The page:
Writing grants requires a certain level of technical knowledge and finesse, but many proposals never get fair consideration because of amateurish mistakes that are easily avoided. Here are a few of the most common ones that are guaranteed to sink your proposal on contact with the funder.
1. Not following instructions. This has got to be the biggest mistake, even though it’s the easiest one to avoid. Foundations, corporations, and government agencies receive thousands of grant proposals, and one way they sort the amateurs from the professionals is to see who followed directions. If the funder requires a three-year budget, create one. If they want you to use paper clips instead of staples, use them.
2. Failing to thoroughly research the funders’ interests. Each funder has an interest in making grants for a particular purpose—sometimes a very specific purpose. Many grant proposals never have a chance of success because of superficial research. It’s not enough to know that the foundation makes grants for education. Do they support K-12? Higher education? Adult education? Do they specialize in funding organizations working with high poverty schools? The answers to all those questions can be yours by simply reading all of the foundation’s guidelines. You should also look closely at what grants they have made in the last two years to see if their stated guidelines are being followed. You can find this information in pay-for-service online databases or by looking at the funder’s website and its IRS 990 form, the latter available for free at guidestar.org.
3. Focusing the proposal on the needs of your organization. Keep in mind that a funder’s goals are achieved not when you make payroll, but when you deliver the service your nonprofit provides to the people who need it. So you don’t ask for $10,000 to prevent your food bank from having a deficit; you ask for $10,000 to feed 7,000 people. Even if you’re asking for operating support, be sure to include how your nonprofit will do more for more people by receiving the grant you’re requesting.
4. Careless editing. Pity the poor program officer who has to read 600 grant proposals on the same topic. How do you think she’ll feel when she has to re-read your sentences because of typos and grammatical errors? Keep her on your side. Spell check and have a friend proof read.
5. Preaching to the choir. Never assume the funder knows anything about your organization, especially when it comes to describing your capacity to carry out the project for which you seek funding. And while you’re at it, avoid catch phrases and jargon. Clear, simple language wins the day.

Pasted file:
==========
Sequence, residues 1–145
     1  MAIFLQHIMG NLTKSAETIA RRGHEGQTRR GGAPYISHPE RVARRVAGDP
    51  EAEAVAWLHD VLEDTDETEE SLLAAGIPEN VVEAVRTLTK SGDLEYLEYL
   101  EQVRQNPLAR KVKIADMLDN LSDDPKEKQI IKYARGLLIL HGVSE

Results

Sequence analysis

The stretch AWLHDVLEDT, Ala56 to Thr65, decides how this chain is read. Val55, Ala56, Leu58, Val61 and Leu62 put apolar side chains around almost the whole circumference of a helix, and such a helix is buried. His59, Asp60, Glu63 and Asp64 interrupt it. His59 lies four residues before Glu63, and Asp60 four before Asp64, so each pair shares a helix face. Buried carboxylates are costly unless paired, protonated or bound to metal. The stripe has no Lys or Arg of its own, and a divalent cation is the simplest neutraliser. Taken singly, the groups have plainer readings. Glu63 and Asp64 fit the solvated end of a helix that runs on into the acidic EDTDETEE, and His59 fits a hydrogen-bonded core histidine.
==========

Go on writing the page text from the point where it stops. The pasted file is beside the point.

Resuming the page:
6. Not asking for the money. You wouldn’t believe how many people forget to include the amount of the grant they seek in the proposal. The people at the foundation aren’t mind readers! Be explicit, usually in the first sentence or two about how much you would like for them to give you.
7. Asking for the wrong amount. This mistake is closely related to number 2. In your research, you should determine what size grants the funder has made to similar organizations. When you look at their grants list, you’ll see that most funders have a number they seem fond of. Asking for substantially less or more than their typical grant will end in failure.
8. Submitting sloppy budgets. You may be familiar with three or four budgets for programs like the one for which you’re seeking funding, but the program officer at the funder has seen hundreds if not thousands of similar budgets. She will know immediately if your budget is reasonable for your project. If you’ve left out a major item, she’ll know. If you’ve padded the salaries, she’ll know. The budget that accompanies a grant proposal should be prepared with the same care as the narrative description and match it point for point.
9. Submitting a proposal late. This is absolutely the most amateurish and easily avoided mistake, yet it happens all the time.
10. Not asking for a grant. There never is a perfect time to ask for a grant. The economy is down. You’re too busy to finish the proposal by the deadline. You worry the funder has never heard of you. Excuses are easy to come by, but you’ll never get a grant if you don’t try. So what are you waiting for? Start researching and writing now!
Avoiding these ten mistakes will put your grant right at the top of the list for lenders. Good luck!
by Waddy Thomson, author of The Complete Idiot’s Guide to Grant Writing, Third Edition